According to Press TV, the Spanish Ministry of Defense announced on Monday that it will return the 9.2 million euros already paid by Saudi Arabia to buy 400 Spanish-made precision bombs amid fears that they could be used to target the innocent people of Yemen.
The arms deal had been negotiated and finalized by former Spanish Defense Ministers Pedro Morenés Eulate and Maria Dolores de Cospedal.
However, the recent deadly attack on a bus carrying Yemeni students, which martyred 51 people including 40 children, prompted incumbent Defense Minister Margarita Robles to revise all arms deals with the Arab kingdom. The recent decision to freeze the bomb sale contract is said to be the first stage of the revision process.
The Amnesty International says Spain is the fourth country on the list of major arms exporters to the Riyadh regime. In one of the most recent contracts, the Spanish state-owned shipbuilder Navantia signed a €1.8-billion deal to sell five small warships to Saudi Arabia.
The deal was signed in April by Saudi Crown Prince and Defense Minister Mohammed bin Salman after his meeting with his then Spanish counterpart Maria Dolores de Cospedal in Madrid.
Riyadh main customer of Spanish arms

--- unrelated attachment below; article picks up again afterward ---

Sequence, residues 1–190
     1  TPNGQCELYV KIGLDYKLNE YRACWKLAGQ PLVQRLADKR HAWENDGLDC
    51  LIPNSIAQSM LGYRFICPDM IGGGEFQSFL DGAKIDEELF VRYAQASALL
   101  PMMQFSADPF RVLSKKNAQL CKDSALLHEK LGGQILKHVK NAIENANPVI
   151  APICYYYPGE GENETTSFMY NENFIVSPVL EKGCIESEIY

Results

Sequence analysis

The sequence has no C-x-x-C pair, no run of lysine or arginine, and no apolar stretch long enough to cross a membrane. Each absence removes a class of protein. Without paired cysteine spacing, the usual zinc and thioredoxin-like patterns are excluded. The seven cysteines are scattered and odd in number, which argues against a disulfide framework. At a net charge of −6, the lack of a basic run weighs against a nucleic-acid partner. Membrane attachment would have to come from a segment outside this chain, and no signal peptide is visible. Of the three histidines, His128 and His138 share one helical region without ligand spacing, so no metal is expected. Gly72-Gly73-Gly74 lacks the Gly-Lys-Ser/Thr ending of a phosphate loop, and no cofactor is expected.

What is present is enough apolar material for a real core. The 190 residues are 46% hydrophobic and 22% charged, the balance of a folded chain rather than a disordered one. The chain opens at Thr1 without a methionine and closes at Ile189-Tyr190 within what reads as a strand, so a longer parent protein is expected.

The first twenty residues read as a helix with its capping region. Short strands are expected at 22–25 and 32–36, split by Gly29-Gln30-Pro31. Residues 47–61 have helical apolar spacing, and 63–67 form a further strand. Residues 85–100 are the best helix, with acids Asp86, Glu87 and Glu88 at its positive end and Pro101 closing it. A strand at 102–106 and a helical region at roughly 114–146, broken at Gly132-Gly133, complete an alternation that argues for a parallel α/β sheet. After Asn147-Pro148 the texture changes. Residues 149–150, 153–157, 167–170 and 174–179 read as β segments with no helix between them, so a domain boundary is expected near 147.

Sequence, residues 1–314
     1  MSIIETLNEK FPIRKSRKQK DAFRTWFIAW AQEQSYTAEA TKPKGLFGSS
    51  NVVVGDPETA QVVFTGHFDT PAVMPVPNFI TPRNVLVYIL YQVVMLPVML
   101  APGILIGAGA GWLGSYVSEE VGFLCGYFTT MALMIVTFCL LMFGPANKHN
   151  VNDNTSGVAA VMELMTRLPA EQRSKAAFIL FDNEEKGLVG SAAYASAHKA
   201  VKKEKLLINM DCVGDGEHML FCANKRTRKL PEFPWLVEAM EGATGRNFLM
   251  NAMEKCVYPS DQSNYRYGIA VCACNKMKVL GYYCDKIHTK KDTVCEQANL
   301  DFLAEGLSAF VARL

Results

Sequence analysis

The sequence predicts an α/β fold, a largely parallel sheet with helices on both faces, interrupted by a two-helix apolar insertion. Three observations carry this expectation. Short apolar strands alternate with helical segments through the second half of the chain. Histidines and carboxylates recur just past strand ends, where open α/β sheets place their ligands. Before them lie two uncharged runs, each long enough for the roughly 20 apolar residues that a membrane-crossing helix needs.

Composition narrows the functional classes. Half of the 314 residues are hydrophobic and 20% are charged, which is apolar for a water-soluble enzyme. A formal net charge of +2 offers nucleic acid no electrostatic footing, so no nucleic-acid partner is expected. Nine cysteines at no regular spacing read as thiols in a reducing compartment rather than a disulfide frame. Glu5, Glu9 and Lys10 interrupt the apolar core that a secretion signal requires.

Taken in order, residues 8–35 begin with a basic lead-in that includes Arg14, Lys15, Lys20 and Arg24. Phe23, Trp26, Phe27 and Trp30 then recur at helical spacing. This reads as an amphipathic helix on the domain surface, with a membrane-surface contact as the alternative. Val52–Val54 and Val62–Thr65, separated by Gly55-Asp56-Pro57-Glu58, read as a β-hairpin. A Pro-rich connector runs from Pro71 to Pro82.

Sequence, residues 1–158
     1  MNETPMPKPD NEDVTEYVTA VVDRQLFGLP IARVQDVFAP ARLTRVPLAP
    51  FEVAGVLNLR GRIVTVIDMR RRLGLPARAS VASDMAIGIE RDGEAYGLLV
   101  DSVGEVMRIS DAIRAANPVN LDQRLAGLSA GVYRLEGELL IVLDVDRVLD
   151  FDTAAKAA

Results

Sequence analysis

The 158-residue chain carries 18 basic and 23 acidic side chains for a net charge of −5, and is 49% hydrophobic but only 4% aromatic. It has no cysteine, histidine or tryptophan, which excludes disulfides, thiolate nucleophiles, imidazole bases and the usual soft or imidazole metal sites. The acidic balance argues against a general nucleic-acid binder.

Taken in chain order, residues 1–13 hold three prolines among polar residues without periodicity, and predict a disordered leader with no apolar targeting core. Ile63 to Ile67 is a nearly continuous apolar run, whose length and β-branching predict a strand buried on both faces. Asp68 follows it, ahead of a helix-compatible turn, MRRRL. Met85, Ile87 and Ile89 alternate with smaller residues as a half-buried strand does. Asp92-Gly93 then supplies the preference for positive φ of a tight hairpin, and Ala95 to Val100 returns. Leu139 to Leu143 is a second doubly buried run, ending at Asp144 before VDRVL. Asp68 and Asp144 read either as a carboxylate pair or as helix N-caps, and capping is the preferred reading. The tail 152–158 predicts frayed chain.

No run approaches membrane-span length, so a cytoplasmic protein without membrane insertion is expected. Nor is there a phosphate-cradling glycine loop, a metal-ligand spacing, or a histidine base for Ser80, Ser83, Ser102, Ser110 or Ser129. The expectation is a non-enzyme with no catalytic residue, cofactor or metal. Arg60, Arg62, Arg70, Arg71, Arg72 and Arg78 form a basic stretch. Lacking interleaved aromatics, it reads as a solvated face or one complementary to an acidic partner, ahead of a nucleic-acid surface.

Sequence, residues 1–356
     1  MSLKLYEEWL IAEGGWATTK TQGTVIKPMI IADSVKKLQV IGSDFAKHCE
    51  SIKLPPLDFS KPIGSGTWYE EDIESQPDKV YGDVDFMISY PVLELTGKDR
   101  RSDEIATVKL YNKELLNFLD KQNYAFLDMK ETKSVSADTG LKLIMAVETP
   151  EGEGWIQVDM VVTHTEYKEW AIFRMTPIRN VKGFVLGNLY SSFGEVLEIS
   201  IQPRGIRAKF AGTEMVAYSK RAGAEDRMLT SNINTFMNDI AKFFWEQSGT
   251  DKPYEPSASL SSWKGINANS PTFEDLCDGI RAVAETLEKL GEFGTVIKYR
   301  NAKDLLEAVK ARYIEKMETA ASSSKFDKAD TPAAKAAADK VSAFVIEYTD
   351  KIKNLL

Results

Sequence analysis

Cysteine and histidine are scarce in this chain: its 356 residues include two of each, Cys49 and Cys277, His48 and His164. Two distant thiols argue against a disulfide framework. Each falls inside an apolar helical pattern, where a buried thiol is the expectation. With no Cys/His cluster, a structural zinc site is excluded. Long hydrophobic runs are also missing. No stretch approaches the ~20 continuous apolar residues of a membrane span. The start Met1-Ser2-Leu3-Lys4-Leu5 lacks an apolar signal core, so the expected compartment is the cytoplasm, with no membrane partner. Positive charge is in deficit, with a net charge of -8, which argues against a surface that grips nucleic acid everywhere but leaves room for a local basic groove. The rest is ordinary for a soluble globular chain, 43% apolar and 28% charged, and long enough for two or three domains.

The Spanish defense ministry’s decision to halt the arms deal it had earlier signed with Riyadh would open the door to the possibility that Spain would join countries such as Sweden, Canada, Finland, Norway, Belgium or Germany, which have suspended their arms exports to the Saudi-led coalition.
According to media reports citing the Amnesty International, between 2015 and 2017, Spain reportedly exported 1.2 billion euros worth of military equipment to the coalition.
“There is extensive evidence that irresponsible arms flows to the Saudi Arabia-led coalition have resulted in enormous harm to Yemeni civilians. But this has not deterred the USA, the UK and other states, including France, Spain and Italy, from continuing transfers of billions of dollars’ worth of such arms. As well as devastating civilian lives, this makes a mockery of the global Arms Trade Treaty,” the Amnesty said.
Other reports said ever since Saudi Arabia launched the military operation in Yemen in 2015, its purchases of Spanish ammunition have nearly tripled, rising from €34.7 million in 2016 to €90.1 million in 2017.